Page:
Committee supports incentive program for heritage properties after debating priorities

(Gazette file photo)

Some councillors concerned about program investment amid potential belt tightening



After a pointed discussion about affordability and priorities, committee of the whole supported a $100,000 incentive program for heritage property improvements Thursday by a 7-5 margin.

Since 2011, the County’s heritage advisory committee has considered developing a program that would encourage heritage conservation through incentives for designated property owners to improve their heritage assets. Last year, the committee finalized an annual grant program, which they presented to councillors during the 2018 budget process. At that time, council set aside $100,000 to be used during this calendar year from its Community Improvement Plan (CIP) to fund the program.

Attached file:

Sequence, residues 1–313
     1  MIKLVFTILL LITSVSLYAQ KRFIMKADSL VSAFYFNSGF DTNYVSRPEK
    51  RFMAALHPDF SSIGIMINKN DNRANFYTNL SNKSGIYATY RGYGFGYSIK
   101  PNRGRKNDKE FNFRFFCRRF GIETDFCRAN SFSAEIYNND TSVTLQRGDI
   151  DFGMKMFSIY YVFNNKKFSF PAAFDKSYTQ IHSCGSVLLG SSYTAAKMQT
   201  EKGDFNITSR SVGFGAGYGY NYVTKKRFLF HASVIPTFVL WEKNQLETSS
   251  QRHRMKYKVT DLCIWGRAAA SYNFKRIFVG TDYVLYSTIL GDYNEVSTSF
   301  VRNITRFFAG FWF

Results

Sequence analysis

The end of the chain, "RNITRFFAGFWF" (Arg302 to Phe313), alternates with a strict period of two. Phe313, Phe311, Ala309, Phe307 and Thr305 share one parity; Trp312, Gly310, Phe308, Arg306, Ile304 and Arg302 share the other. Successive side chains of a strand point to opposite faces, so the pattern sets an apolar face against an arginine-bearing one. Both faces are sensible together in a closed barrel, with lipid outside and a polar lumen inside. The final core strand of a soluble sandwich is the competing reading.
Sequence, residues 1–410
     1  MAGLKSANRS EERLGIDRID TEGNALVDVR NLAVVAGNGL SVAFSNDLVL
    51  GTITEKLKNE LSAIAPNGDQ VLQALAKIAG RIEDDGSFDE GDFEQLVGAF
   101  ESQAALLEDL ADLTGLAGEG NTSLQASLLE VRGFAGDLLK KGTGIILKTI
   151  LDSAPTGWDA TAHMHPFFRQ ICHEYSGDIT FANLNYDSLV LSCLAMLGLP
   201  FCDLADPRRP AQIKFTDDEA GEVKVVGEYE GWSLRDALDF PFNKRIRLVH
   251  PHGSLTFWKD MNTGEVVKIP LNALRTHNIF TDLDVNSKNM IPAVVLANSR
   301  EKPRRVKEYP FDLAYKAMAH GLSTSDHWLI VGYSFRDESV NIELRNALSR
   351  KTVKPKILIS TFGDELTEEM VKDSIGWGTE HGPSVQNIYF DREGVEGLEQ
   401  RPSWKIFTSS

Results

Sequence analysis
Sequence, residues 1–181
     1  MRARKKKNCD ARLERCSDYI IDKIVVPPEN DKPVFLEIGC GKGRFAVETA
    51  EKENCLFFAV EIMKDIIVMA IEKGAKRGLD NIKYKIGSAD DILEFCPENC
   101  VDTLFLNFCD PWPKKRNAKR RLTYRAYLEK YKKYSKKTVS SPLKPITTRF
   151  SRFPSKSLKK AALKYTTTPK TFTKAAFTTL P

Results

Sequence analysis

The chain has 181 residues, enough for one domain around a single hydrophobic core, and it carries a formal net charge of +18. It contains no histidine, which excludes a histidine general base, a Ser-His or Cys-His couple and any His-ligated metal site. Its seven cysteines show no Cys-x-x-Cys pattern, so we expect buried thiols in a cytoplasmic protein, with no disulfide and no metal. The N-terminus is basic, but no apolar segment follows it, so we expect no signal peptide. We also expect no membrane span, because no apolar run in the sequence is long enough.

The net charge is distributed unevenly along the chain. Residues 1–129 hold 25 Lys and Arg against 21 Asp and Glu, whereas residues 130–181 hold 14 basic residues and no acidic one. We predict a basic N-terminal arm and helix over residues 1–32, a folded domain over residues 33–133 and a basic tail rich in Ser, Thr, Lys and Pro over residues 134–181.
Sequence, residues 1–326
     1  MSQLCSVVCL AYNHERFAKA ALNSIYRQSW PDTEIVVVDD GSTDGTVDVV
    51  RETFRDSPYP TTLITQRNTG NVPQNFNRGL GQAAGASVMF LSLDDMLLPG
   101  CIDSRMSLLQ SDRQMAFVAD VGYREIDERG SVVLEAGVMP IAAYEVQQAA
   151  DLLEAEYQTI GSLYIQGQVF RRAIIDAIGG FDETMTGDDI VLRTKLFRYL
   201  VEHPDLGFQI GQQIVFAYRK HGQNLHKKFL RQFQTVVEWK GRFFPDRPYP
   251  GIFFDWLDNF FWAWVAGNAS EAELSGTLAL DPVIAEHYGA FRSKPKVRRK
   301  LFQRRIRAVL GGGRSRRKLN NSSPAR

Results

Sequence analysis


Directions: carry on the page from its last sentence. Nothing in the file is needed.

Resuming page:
A grant application process would follow with a Nov. 30 deadline and the committee would make recommendations to staff based on how a project met set criteria including conformity to designation bylaws or the Heritage Conservation District Plan, and design guidelines set out by the Province and by Parks Canada. Grants would be available in six categories for amounts not to exceed 50 per cent of project cost.

The categories include building facade improvement (up to $5,000 for one-storey facades up to 10 metres in length of $7,500 for two storey facades or those over 10 metres in length); rear or side-wall facade work (to a maximum of $5,000 per side or rear wall and $7,500 total); structural improvement (up to $5,000), restoration of exteriors, foundations and roof structures (up to $4,000), interior rehabilitation ($4,000 per unit, to a maximum of $8,000), landscaping and property improvements (to a maximum of $2,000), and signage improvement (to a maximum of $1,500, with subsequent or replacement signage to a maximum of $1,000).

Much of the discussion at Shire Hall focused on the affordability and suitability of the project. Roy Pennell said he liked the concept, but wasn’t comfortable spending at this time.